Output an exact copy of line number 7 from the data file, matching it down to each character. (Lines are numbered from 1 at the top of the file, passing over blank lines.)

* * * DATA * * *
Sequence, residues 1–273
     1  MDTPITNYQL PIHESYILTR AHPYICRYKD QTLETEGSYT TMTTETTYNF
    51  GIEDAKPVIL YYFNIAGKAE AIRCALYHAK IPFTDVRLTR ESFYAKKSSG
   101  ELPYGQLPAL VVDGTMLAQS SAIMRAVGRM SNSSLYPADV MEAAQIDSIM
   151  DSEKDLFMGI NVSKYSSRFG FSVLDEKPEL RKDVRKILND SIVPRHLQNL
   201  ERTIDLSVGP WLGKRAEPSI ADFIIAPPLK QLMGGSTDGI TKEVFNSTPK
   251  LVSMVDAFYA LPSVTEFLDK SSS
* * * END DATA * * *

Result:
   251  LVSMVDAFYA LPSVTEFLDK SSS